< Back to the News

Spotlighting Canada’s Renewable Energy Leaders: Cassels

Public News
July 7, 2022
Community Spotlight: Cassels; headshot of Jeremy Barretto, Partner, Business Law Group at Cassels, Brock and Blackwell

We sat down with BRC-Canada advisory board member Jeremy Barretto, a partner in the Business Law Group at Cassels, Brock, and Blackwell, to discuss the growing opportunities in Canada’s renewable energy industry, including Indigenous ownership of renewable energy projects and Cassels’ role as a thought-leader within the space. 

Why is being part of the renewable energy transition important to Cassels?

It is important for Cassels to address our clients’ most pressing risks, so that is why we work with our clients to reduce their carbon emissions. There will also be new opportunities for our clients. The energy transition will naturally create growing industries in renewables, storage, and nuclear. This is just another reason for Cassels to use our expertise to advise our clients on their decarbonization efforts.

What role do you see Cassels playing in the transition in the next five years? 

Cassels wants to contribute to thought leadership within the Canadian renewable energy and energy transition spaces. We actively publish articles on new legal issues, opportunities, and government policies to better inform our clients on trends within the industry. An example of this is our recently published insights on the landscape of geothermal energy as a renewable energy resource. We hope that our publications drive important conversations surrounding renewable energy law and government policy. That being said, we also advise clients directly on any energy transition matters related to their businesses.

Can you expand on Cassels' environmental, social and governance (ESG) goals? 

Environmental, social, and governance is an important set of standards that is increasingly integral to a company’s performance. We actively advise clients on their responsibilities for considering ESG goals within their operations. I’m proud to say that Cassels has significant expertise in Aboriginal law and how related Canadian legal requirements can fit into what’s known internationally as an ESG framework.

“Cassels joined BRC-Canada because we believed in the opportunities that the community has provided for us. In 2019, I do not think anyone would have thought that we would have helped to create a $3 billion renewable energy industry.”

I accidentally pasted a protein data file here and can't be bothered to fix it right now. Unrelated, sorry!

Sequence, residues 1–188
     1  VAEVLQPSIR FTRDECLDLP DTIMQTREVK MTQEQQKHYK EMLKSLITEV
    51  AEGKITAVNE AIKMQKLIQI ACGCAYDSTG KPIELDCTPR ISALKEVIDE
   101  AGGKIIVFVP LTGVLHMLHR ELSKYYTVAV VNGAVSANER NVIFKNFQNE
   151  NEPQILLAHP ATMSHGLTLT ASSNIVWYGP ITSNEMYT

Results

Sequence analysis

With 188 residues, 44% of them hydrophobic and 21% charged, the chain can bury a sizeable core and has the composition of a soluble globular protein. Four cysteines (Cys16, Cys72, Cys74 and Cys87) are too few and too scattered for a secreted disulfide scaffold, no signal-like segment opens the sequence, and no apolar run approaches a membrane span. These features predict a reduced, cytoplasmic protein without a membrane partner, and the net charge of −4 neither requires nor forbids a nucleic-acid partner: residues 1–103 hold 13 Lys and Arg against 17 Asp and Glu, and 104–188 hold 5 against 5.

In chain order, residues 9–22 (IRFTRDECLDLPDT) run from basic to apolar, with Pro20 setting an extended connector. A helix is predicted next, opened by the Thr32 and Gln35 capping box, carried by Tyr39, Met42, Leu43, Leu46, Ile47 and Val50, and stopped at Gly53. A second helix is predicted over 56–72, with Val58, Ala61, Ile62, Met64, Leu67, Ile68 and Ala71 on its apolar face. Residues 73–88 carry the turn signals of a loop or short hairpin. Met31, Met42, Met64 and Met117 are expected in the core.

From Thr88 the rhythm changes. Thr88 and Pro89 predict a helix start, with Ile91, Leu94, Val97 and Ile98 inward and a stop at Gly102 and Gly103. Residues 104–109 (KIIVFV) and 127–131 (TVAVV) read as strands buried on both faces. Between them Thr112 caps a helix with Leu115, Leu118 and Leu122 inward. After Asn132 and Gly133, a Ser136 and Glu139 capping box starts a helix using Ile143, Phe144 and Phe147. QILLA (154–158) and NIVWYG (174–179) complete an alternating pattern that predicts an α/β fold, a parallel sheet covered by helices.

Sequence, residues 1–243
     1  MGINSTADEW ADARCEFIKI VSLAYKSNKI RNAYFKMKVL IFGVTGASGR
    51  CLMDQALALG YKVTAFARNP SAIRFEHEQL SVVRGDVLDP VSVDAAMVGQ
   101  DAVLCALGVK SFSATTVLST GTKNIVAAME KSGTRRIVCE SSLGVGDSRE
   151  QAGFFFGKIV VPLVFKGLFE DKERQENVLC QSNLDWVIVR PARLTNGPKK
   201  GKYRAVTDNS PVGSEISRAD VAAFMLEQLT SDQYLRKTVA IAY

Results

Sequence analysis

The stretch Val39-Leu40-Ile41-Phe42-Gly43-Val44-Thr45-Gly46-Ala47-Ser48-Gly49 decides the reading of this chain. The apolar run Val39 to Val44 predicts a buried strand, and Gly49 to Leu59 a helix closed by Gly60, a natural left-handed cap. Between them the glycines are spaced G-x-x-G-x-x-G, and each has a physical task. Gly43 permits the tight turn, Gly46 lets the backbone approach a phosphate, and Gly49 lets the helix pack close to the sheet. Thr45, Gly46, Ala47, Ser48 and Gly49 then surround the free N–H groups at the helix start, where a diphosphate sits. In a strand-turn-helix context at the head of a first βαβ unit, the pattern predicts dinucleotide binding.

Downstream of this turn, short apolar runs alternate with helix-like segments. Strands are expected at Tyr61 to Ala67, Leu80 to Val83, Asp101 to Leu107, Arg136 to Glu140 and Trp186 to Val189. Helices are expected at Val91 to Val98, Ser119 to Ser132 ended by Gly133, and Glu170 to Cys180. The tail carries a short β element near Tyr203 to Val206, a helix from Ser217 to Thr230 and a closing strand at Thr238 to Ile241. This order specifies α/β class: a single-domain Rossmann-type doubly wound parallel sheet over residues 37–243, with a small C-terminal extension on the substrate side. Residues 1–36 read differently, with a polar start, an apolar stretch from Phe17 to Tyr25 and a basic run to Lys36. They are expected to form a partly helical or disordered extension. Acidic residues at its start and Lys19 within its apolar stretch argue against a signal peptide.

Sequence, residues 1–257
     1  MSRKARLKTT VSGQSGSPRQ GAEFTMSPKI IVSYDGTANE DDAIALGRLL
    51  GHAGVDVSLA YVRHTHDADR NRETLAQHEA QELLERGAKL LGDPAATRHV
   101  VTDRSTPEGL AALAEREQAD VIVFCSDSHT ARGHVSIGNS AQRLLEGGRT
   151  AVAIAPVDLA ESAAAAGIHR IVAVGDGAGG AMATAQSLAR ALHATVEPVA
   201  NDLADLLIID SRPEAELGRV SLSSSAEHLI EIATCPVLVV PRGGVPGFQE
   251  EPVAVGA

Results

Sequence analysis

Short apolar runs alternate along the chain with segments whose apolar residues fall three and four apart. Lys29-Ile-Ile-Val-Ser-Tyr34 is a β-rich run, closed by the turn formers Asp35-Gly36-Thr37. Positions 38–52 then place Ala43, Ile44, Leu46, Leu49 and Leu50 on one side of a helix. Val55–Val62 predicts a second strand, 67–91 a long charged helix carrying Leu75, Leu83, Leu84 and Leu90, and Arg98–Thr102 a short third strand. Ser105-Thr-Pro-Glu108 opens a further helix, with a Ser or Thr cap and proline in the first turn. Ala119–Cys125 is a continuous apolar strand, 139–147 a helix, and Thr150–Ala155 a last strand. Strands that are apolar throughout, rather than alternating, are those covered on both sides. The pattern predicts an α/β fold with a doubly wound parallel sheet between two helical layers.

What opportunities does Cassels currently see in the Canadian renewable energy landscape? 

The biggest opportunity that I would highlight is Indigenous ownership of renewable projects. To date, a lot of the renewable energy industry includes strong partnerships with Indigenous communities. However, moving forward, I believe that there are very exciting ownership and co-ownership models that can be explored. We are seeing this on a weekly basis. The other day, I spoke with an Indigenous community in B.C. that wants to host a solar project that they would take ownership of. I see this as a great opportunity for not only renewable energy developers, but also advancing reconciliation to share the benefits of renewable energy projects with Indigenous communities.

Canadian courts have also been looking at economic reconciliation, and positive economic impacts that renewable projects can have on Indigenous communities as being a beneficial reason for upholding project approvals, or considering them. This is an interesting trend, because not only are businesses understanding the importance of Indigenous ownership, but the courts are understanding the benefits of these partnerships too.

Why did Cassels join BRC-Canada?  

Cassels joined BRC-Canada because we believe in the opportunities that the community has provided for us. In 2019, I do not think anyone would have thought that we would have helped to create a $3 billion renewable energy industry. This is the approximate amount of corporate and governmental renewable energy deals that have been tracked by BRC-Canada. It was clear to us from the start that Canada, specifically Alberta, was ripe for investment in renewable energy, and we are thrilled that this has become a reality.

What has your experience with BRC-Canada been like so far?  

It’s been a great experience so far. I would encourage any business in Canada that consumes electricity, generates electricity, or is involved in an advisory capacity (such as a law firm or accounting company) to consider joining BRC-Canada. BRC-Canada is a forum where companies can share best practices in a non-competitive environment. I would also highlight that we have developed a number of tools, free to all those within the BRC-Canada community, that have ultimately reduced costs of entering into power purchase agreements (PPAs). This has allowed renewable energy deals to flourish over recent years.

As a leader in this space, what would you say to other corporate leaders who are considering purchasing renewable energy or getting started with a PPA?  

There’s no better time to start than now! This is a great opportunity to lock in low renewable energy rates for the long term. Investors and board members will also come to expect an organization to have a credible plan to reduce carbon emissions. Entering into contracts for renewable energy is a great tool in your toolbox to do that. I always say, imagine a day when your closest competitor announces one of these deals; you will have wanted to at least started on your own. This is the time to get up to speed!